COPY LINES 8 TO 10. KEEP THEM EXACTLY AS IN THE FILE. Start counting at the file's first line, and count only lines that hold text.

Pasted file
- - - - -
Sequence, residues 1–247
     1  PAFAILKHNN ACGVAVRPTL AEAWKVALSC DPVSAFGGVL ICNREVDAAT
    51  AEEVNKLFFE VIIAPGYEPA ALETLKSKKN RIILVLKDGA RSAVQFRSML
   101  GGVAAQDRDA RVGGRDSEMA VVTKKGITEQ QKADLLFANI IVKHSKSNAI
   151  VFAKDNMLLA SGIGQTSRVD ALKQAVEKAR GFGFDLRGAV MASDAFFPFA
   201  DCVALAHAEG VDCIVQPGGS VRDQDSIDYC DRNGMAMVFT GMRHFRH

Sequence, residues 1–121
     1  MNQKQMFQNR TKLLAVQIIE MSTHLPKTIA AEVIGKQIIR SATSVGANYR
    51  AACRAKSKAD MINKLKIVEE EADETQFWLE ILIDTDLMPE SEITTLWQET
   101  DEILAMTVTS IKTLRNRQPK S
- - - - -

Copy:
     1  MNQKQMFQNR TKLLAVQIIE MSTHLPKTIA AEVIGKQIIR SATSVGANYR
    51  AACRAKSKAD MINKLKIVEE EADETQFWLE ILIDTDLMPE SEITTLWQET
   101  DEILAMTVTS IKTLRNRQPK S